Council sends 4-year CASSC funding request to police board for further debate

Prince Albert City Hall -- Herald file photo.

A four-year budget funding request from the Prince Albert and Area Community Alcohol Strategy Steering Committee (CASSC) is headed to the Board of Police Commissioners for further review.

The CASSC requested $15,000 in annual from the City to reduce the harm caused by alcohol in Prince Albert. Mayor Greg Dionne said he looks forward to negotiating with the group in the future, but wanted more information before voting for a firm spending commitment.

“There’s no plan,” Dionne said during discussions about the proposal at Monday’s executive committee meeting. “We need to know what you’re going to utilize the money for, (and) what your other funding sources are, because we don’t want to get involved in a (project) if they have funding elsewhere.”

Council voted 8-1 in favour of sending the request to the police board. Ward 4 Coun. Tony Head was the most vocal supporter. He said there’s an obvious need for such an organization in the community, and council would be wise to support their efforts.

“We know that alcohol has a huge impact on individuals and families, and a detrimental one at that, so anything we can do or provide (helps),” Head said during the meeting. “I know they had a set amount here, but they go on to say whatever you can provide would be helpful, so I hope we find some funds to assist this group.”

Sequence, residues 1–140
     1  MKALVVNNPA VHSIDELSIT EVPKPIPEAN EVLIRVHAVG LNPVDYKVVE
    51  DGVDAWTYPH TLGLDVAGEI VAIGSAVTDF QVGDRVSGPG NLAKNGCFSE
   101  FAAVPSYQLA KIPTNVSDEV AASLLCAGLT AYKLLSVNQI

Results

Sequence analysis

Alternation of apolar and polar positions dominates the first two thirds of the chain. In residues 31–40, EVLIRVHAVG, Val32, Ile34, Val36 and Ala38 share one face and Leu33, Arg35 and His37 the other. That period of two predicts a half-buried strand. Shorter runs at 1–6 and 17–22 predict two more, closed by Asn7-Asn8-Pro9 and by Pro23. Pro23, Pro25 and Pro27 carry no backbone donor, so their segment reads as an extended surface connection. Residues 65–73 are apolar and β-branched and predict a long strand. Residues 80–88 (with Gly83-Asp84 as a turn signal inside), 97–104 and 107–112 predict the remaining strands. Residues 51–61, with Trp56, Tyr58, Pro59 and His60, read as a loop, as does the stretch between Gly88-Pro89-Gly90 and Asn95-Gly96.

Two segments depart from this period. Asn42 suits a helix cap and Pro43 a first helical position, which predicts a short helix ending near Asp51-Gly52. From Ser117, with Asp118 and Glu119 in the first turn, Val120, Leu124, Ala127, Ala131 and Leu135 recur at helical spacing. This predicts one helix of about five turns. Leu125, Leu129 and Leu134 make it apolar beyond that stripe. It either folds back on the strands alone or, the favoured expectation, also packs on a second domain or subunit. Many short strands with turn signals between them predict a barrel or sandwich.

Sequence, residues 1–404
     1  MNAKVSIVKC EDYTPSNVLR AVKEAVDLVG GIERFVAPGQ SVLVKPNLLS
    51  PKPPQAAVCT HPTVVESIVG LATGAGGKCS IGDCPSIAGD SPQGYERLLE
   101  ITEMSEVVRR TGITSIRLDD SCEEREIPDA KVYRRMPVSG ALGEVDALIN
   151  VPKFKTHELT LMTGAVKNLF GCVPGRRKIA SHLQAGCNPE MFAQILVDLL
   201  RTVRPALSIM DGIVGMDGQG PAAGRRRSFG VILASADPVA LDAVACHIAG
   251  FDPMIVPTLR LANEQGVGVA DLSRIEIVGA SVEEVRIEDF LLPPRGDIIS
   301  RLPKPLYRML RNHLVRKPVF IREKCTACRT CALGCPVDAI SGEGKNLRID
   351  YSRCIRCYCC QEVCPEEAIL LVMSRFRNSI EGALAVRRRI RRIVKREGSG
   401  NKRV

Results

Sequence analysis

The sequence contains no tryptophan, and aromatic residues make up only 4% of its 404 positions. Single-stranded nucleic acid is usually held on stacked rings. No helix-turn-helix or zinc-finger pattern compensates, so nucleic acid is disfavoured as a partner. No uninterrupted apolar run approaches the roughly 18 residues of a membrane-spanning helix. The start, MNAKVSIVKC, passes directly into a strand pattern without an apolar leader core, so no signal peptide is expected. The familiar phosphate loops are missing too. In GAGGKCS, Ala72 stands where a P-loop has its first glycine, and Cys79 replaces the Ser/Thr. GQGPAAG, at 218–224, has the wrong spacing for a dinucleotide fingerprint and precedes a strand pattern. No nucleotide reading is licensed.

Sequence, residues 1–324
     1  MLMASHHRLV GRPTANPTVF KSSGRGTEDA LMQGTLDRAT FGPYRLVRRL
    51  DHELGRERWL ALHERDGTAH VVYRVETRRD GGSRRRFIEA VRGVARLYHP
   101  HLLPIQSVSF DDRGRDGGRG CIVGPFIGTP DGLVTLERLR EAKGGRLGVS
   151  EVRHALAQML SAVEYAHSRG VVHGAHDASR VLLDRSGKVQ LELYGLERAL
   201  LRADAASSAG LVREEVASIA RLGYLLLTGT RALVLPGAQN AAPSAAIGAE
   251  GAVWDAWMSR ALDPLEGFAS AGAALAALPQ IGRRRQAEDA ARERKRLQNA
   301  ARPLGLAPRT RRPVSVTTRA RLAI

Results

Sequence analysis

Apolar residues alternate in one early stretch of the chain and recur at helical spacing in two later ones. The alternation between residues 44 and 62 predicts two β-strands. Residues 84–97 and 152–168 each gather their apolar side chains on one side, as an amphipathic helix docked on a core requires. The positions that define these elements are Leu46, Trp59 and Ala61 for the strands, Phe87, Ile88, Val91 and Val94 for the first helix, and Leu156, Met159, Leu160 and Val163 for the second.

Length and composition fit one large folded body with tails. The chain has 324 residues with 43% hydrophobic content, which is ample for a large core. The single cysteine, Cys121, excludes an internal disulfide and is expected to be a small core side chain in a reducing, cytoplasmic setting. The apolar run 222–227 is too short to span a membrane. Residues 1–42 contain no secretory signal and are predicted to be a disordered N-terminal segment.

Some council members hesitated to support the motion because they worried it would lead to a flurry of requests from other community groups. Ward 6 Coun. Blake Edwards, who also supported the motion, said there’s no doubt the CASSC does good work, but said council needs to be careful with how it handles the public purse.

“There’s a ton of organizations who are doing a lot of work (in Prince Albert) and we’re going to open up a can of worms,” Edwards said during the meeting. “We simply cannot fund all of the organizations. I wish we could. I wish we could just say, ‘here you go.’

“That’s my overall concern, because as soon as one request is granted, how do you say no (to others)?”

In a letter included in Monday’s agenda package, CASSC spokesperson Robert Bratvold wrote that the organization understands its unlikely to receive $15,000 this year because the City has already finalized the 2021 budget.

However, Bratvold urged council to divert savings from any projects that came in under budget towards the CASSC.

He wrote that there was an intense need for the CASSC’s work, and that council could greatly impact community health with even a small amount of financial support.

“CASSC is not attempting to eliminate alcohol sales, but we are working hard to reduce the harms from alcohol, and we are making progress,” Bratvold wrote.

“Evidence indicates that Prince Albert and Area is inordinately afflicted with many symptoms of excessive or irresponsible use of alcohol.”

Bratvold said Prince Albert is well ahead of the provincial average when it comes to hospitals visits that are 100 per cent attributable to alcohol. He pointed to data compiled by the Canadian Institute for Health Information, which shows 571 visits in the Prince Albert Parkland Health Region attributed solely to alcohol, compared to a provincial average of 333. Those numbers came from 2017-18.

According to the Canadian Centre on Substance Use and Addictions (CCSUA), national healthcare costs related to alcohol total $5.4-billion in 2017. That’s behind tobacco ($6.1-billion), but ahead of opioids ($439-million). In Saskatchewan, healthcare costs related to substance abuse totalled $434 per person.

Alcohol and tobacco use also accounted for an estimated 63 per cent of all lost productivity in 2017. That includes everything from premature death, to long-term disabilities, to short-term problems like absenteeism and impaired job performance.

The CCSUA also estimates that 42 per cent of all crimes committed in Canada would not occur in the perpetrator had not been seeking, or under the influence of, alcohol or drugs.